I'm still powering through my reading challenges and I feel like I'm getting no where fast with them. I felt like I made a lot more progress than I actually did. Whatever, reading is reading (or listening now) and at least I'm attempting.. and I'll probably finish reading my challenge books, even after the dates for the challenges pass. Apparently, my reading fiendishness doesn't compare to my fellow fiends. Ok then.
On to the reviews, shall we?
Rating scale:1/5 - Hated it, didn't finish.
2/5 - Tolerated it on principle to finish, didn't like it.
3/5 - Eh, didn't love it, didn't hate it. Had some good parts/kept me interested/finished it on principle.
4/5 - I liked it.
5/5 - I LURVED it and I'd read it again.
Skimmers, stick with the bold text (TL;DR* parts).
The Perks of Being a Wallflower by Stephen Chbosky 4.5/5
4.5 because I'm not sure I would reread it, but I enjoyed this book to the max. I saw the movie years ago and didn't remember the twist at the end. I personally felt like Charlie was possibly a bit autistic or had a touch of Asperger's. I wasn't sure. It could have just been innocence, but sometimes the way his thoughts were indicated something bigger. I really wanted to find out who the stranger was he was writing to and maybe I just missed it. I think Chobosky did a good job of typing up all the loose ends, even if the ending felt a bit rushed.
Also, am I the only person in the universe who happened to miss the "I did drugs/drank in high school" bus?
TL;DR: A coming-of-age story of a boy in high school who reads a lot (right up our alley) and writes letters to deal with his high school angst, which is pretty interesting.
Wonder by R.J. Palacio 4.5/5
4.5 because I'm not sure I would reread it, but I really enjoyed this one. This was also my very first audiobook, which was enjoyable. I didn't expect the different perspectives, but I it was a relief when they finally came since I was getting tired of the main character's perspective. I personally would have preferred the main character be given a chapter between each of the other perspectives, but that's personal preference. I started to miss the voice of the main character after an extended period of time from everyone else's viewpoint. I felt like we were never going to get a good description, so that was semi-frustrating, but I got over it.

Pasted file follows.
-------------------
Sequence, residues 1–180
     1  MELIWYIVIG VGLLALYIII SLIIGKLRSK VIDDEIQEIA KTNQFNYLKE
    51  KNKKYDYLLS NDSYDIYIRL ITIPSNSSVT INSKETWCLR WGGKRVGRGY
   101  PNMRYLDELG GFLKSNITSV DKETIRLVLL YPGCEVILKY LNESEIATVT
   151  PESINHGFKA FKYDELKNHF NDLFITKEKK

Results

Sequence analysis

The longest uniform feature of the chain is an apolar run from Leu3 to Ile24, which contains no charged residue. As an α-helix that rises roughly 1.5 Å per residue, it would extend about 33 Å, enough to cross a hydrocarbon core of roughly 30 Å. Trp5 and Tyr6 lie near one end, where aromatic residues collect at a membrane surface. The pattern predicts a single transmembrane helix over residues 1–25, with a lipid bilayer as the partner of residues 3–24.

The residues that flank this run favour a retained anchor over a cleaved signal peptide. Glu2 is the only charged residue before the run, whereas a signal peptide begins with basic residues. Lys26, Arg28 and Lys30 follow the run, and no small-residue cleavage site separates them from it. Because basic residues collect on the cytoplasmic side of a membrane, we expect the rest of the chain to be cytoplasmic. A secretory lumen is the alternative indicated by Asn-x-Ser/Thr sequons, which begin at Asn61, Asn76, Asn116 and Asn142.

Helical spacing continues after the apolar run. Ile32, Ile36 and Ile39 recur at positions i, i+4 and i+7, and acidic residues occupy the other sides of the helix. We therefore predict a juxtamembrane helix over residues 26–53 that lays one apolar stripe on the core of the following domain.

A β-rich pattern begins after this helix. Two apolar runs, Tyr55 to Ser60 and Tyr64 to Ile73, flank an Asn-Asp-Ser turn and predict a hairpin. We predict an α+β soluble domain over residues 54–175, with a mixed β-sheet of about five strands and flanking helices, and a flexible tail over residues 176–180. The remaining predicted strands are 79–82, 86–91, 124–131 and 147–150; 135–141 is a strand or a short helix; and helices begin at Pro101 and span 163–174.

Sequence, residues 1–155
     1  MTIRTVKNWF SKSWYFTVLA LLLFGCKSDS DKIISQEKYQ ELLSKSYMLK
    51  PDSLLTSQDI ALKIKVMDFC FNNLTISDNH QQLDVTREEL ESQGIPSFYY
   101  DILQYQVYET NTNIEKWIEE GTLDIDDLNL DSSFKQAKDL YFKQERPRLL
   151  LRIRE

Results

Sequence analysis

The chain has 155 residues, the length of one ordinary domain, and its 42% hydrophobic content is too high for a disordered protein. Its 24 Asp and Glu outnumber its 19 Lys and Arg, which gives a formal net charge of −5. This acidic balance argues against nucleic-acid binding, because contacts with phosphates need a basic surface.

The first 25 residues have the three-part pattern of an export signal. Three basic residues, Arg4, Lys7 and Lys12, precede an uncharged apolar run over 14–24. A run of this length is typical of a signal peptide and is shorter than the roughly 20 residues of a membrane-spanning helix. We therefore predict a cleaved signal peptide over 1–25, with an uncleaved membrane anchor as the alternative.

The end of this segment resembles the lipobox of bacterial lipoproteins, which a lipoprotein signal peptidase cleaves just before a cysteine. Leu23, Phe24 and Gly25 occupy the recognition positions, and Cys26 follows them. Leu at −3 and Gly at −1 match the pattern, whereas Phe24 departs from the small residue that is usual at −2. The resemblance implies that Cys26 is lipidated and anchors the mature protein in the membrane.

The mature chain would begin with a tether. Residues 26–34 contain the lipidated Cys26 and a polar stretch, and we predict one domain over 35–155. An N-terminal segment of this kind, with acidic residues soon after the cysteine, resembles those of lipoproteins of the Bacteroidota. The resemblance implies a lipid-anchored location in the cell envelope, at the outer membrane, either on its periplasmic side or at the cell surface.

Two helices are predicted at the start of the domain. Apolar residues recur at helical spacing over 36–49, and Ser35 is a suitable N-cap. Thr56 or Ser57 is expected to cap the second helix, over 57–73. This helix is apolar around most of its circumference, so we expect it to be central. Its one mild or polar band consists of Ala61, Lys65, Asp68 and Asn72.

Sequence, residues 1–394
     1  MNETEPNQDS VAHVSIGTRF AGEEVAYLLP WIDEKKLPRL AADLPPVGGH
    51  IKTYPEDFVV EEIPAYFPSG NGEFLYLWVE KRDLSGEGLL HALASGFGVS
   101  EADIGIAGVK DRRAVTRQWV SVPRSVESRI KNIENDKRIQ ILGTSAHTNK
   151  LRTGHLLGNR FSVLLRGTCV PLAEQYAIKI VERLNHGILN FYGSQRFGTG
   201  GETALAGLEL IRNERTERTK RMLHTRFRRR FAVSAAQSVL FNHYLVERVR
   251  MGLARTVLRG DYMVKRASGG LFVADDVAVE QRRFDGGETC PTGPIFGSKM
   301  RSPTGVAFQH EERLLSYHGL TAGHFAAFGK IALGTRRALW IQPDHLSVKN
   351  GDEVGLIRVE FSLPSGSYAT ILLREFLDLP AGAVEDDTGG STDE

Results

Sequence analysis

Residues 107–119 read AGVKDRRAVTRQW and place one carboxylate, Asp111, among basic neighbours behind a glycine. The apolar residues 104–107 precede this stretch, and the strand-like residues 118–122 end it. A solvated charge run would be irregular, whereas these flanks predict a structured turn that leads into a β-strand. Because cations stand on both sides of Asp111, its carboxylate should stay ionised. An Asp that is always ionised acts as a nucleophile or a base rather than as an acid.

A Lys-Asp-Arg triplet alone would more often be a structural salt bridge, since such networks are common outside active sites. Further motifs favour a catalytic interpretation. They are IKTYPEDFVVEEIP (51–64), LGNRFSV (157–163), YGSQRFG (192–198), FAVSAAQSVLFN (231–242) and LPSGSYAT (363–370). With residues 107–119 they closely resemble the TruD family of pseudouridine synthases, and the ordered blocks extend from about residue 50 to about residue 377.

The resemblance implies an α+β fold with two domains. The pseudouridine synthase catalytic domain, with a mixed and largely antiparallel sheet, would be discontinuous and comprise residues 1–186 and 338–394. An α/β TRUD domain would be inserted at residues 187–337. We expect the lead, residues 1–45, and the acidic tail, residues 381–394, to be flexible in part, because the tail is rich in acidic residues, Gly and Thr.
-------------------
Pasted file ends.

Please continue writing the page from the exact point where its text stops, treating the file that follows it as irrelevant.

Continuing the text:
There probably would have been more feels for me had I been reading this instead of listening. There was one point I felt myself starting to tear up, but I was running and I felt like my vision needed to be maintained.
TL;DR: 1. Kids are horrible. I was probably a horrible kid. 2. This book gave me feelz. 3. Can I have an astronaut helmet for bad zit days?
The Hundred-Year-Old Man Who Climbed Out of the Window and Disappeared by Jonas Jonasson 1/5
I wanted to kill myself listening to this. I felt like the story was being told by a 100 year old man and he was just drawing it out for as long as possible. Similar to how I started to feel towards HIMYM when it was boring. JUST GET TO THE DAMN POINT! I didn't feel entertained by this book. I felt like the history of each character that came into the picture was completely unnecessary.
Additionally, the audio version that I got, the narrator's voice for the other characters was completely obnoxious. Just grated my nerves over and over and over. With that and the feelings of agitation that the book invoked in me, I finally decided to call it quits somewhere in chapter 10. I don't even care how the book ends, I hope they all die, except for the elephant, because they were so obnoxious.
TL;DR: Don't read this unless you can tolerate long narratives and story lines for characters that won't add anything to the story every chapter.
Saint Anything by Sarah Dessen 5/5
I wanted to sit down and devour this book in one sitting, but just wasn't able to make/find the time. I was instantly drawn into Sydney's life and wanted to know what was going to happen. Also, Teh Mom and I have a pretty rough relationship, so I can get behind the literal mama drama. I figured that the creepy part of this book would end up way worse than it actually did, so that was good. Then again, this is a YA book, so that would probably be a majority of the reasoning why things didn't go as badly as I anticipated.
I enjoyed the budding love and teenage angst, which wasn't overly angsty. Sometimes, a girl just need some sappy love that doesn't get tainted by the real world.
TL;DR: A good YA read that isn't overly angsty with just enough drama to keep you interested topped with a few sprinkles of romance.
In Progress:Guantanamo Diary by Mohamedou Ould Slahi
New Stories from the South 2001 by various (Shannon Ravenel)
Modern Romance by Aziz Ansari
How Should a Person Be? by Sheila Heti
Redeployment by Phil Klay
I know it seems a bit extreme to be in the middle of 5 books, but it's how I roll.
I know that I'm going to struggle with some books (Redeployment/Guantanamo) so I have to spend some time in other books to break it up. I get very wrapped up in the worlds I emerge in (tv shows/movies/books/etc), so I know that if I'm reading a dark book, I'll be in a dark mood. If I watch a sappy movie, I'll be in a sappy mood. I've yet to decide if that's a good or bad aspect about myself, but I've come to accept it over the years.
Any of these that I haven't already read
*TL;DR = too long, don't read